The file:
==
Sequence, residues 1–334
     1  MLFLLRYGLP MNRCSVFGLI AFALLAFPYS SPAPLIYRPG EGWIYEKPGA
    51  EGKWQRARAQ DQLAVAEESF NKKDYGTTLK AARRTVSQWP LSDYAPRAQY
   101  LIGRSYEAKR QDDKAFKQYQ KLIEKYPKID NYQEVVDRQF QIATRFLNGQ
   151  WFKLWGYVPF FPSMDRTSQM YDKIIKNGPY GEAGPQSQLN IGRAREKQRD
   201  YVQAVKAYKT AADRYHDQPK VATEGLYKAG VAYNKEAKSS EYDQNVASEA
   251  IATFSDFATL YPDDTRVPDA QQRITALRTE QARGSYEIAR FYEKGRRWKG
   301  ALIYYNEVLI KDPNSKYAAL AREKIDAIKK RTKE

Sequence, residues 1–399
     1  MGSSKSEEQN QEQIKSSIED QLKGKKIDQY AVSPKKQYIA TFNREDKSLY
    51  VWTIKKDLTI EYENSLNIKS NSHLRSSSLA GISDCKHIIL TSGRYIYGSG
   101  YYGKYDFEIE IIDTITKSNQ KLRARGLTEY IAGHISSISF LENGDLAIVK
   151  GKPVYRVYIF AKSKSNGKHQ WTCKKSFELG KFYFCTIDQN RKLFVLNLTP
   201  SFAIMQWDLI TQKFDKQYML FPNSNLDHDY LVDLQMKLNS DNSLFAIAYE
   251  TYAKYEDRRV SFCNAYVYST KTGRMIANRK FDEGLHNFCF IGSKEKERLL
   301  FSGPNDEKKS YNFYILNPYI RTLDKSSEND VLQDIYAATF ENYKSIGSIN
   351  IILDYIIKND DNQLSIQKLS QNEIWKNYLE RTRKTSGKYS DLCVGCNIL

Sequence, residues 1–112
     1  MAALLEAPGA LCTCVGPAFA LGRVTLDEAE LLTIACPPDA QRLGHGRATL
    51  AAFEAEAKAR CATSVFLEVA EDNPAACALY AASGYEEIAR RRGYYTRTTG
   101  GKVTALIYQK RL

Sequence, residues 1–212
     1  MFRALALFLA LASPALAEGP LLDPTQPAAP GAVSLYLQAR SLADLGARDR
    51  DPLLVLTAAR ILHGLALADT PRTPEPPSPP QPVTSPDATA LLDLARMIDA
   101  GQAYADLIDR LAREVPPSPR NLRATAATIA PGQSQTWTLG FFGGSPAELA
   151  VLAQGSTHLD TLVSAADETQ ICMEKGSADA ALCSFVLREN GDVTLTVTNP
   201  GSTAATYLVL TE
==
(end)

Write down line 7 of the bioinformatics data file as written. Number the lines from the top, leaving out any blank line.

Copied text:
   251  IATFSDFATL YPDDTRVPDA QQRITALRTE QARGSYEIAR FYEKGRRWKG